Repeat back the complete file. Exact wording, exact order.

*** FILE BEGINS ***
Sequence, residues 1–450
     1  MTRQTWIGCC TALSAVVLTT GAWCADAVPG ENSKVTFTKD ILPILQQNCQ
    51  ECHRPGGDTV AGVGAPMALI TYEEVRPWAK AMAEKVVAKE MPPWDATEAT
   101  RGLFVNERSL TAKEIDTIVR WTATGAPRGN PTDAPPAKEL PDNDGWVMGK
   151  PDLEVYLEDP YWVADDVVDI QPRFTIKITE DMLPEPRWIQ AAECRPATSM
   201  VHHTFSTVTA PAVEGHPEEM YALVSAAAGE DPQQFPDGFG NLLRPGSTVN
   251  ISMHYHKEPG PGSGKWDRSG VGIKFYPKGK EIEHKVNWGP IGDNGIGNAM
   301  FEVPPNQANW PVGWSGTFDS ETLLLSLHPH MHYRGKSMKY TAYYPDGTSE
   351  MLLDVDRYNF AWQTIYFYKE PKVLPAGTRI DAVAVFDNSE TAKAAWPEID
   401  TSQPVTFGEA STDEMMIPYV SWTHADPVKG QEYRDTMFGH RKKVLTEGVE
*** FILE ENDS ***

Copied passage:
Sequence, residues 1–450
     1  MTRQTWIGCC TALSAVVLTT GAWCADAVPG ENSKVTFTKD ILPILQQNCQ
    51  ECHRPGGDTV AGVGAPMALI TYEEVRPWAK AMAEKVVAKE MPPWDATEAT
   101  RGLFVNERSL TAKEIDTIVR WTATGAPRGN PTDAPPAKEL PDNDGWVMGK
   151  PDLEVYLEDP YWVADDVVDI QPRFTIKITE DMLPEPRWIQ AAECRPATSM
   201  VHHTFSTVTA PAVEGHPEEM YALVSAAAGE DPQQFPDGFG NLLRPGSTVN
   251  ISMHYHKEPG PGSGKWDRSG VGIKFYPKGK EIEHKVNWGP IGDNGIGNAM
   301  FEVPPNQANW PVGWSGTFDS ETLLLSLHPH MHYRGKSMKY TAYYPDGTSE
   351  MLLDVDRYNF AWQTIYFYKE PKVLPAGTRI DAVAVFDNSE TAKAAWPEID
   401  TSQPVTFGEA STDEMMIPYV SWTHADPVKG QEYRDTMFGH RKKVLTEGVE